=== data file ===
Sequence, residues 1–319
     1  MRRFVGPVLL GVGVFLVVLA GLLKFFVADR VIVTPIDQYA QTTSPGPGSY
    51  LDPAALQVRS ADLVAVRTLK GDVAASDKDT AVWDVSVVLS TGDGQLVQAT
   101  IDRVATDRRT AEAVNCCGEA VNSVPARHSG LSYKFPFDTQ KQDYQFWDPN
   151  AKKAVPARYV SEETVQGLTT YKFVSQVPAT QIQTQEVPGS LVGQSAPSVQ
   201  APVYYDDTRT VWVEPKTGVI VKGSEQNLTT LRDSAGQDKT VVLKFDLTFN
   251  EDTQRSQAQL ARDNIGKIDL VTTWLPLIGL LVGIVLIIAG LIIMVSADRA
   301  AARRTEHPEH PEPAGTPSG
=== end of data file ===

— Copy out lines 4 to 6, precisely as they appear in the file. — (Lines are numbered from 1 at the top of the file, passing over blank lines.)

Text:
   101  IDRVATDRRT AEAVNCCGEA VNSVPARHSG LSYKFPFDTQ KQDYQFWDPN
   151  AKKAVPARYV SEETVQGLTT YKFVSQVPAT QIQTQEVPGS LVGQSAPSVQ
   201  APVYYDDTRT VWVEPKTGVI VKGSEQNLTT LRDSAGQDKT VVLKFDLTFN